The Cost of FCAT Testing
Published May 16th, 2012
Florida spends two hundred fifty four million dollars over five years to develop and grade FCAT tests.
NCS Pearson won the contract in 2009 and the state has the option to extend that contract for two years in 2013.
In 2010, the company paid a fifteen million dollar fine for late results.
The Department of Education says a significant increase in failed writing scores is not likely the company's fault, but many school teachers say the money could be spent in the classroom.
Rocky Hanna, local high school principal weighed in on the matter: "We go from FCAT 1.5 to FCAT 2.0, now we are going to eliminate FCAT. Next year is the last year of FCAT writing as we move toward common core testing, common core end of course exams. This is a way for people to constantly change. It's like technology...once you buy it, its outdated and they want you to buy something different."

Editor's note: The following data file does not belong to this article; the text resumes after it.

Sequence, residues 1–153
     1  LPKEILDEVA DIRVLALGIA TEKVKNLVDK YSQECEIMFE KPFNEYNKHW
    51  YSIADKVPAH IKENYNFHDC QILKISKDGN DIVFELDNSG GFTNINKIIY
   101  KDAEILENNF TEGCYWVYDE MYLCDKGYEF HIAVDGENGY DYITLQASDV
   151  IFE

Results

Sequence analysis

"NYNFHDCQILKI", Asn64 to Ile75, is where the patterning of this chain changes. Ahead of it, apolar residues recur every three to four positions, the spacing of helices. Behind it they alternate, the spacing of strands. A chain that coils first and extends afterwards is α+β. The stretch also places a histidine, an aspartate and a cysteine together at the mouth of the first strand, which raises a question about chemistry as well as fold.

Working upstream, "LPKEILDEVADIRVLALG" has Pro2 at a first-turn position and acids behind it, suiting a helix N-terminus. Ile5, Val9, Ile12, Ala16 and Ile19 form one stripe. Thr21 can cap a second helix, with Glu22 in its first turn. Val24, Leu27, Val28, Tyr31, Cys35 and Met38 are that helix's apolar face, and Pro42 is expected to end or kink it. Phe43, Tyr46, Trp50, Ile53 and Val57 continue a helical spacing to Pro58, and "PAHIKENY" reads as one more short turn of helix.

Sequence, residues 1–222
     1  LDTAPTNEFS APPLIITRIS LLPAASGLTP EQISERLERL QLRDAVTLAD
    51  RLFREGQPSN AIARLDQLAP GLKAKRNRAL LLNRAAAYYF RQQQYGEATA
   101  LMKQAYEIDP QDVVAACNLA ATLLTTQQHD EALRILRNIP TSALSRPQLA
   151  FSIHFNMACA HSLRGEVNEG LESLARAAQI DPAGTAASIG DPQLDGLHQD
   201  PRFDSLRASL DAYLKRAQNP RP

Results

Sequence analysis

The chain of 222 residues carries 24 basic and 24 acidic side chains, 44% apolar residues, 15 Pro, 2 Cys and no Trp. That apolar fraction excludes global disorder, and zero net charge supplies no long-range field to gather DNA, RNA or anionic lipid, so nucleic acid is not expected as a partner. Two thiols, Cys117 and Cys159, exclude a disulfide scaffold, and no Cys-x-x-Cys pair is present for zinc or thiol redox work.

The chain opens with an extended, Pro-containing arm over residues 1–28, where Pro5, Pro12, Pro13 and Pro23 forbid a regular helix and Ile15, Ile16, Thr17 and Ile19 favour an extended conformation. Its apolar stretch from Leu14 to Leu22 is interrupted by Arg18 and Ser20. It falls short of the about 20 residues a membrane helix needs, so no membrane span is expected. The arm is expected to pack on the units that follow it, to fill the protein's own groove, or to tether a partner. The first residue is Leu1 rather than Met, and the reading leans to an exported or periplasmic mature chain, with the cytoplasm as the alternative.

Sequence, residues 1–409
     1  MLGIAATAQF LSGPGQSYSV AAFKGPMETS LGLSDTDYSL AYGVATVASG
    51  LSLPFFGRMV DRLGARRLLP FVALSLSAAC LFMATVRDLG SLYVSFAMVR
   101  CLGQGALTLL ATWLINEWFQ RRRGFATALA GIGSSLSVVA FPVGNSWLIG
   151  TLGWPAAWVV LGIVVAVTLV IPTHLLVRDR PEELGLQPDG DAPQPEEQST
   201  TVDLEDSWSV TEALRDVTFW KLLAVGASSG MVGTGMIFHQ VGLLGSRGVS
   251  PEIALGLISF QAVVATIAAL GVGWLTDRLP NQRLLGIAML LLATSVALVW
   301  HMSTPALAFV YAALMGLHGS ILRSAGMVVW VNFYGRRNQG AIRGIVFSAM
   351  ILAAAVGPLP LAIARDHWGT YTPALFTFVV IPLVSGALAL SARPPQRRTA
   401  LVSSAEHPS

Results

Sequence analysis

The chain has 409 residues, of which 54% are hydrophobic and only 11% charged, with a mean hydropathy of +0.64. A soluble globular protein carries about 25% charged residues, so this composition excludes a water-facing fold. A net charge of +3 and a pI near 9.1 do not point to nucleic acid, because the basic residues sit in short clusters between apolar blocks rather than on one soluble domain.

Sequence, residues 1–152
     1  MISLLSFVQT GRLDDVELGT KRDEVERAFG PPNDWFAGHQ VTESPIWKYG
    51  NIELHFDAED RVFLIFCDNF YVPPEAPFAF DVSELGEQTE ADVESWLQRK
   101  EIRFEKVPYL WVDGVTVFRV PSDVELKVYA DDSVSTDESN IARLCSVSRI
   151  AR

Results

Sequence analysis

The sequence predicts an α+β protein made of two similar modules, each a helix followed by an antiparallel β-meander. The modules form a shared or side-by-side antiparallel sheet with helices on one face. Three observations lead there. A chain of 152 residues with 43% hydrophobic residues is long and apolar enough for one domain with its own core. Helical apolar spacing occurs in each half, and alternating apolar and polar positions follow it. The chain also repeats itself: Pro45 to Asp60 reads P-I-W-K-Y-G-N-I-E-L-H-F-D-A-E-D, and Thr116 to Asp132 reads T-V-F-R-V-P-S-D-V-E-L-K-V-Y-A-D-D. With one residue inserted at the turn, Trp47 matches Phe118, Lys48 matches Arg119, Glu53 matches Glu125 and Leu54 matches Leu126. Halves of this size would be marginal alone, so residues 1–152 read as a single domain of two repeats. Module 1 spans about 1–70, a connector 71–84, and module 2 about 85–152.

A Department of Education review of the company's performance is underway, but some are calling for an independent examination.
- Schools Across North Central Florida Begin FCAT Testing
- Florida Board Lowers FCAT Writing Test Passing Score
- Half of Florida High School Students Fail FCAT Test
- Students Struggle on FCAT Math & Reading Tests
- Educators Look for Test to Replace FCAT
- FCAT Testing to Run Through Passover Holiday in Alachua County
- Students Use Art to Mark End of FCAT Testing
- FCAT Testing Set to Begin
- Music in Early Education Shows Benefit to FCAT Test Scores
- FCAT Impact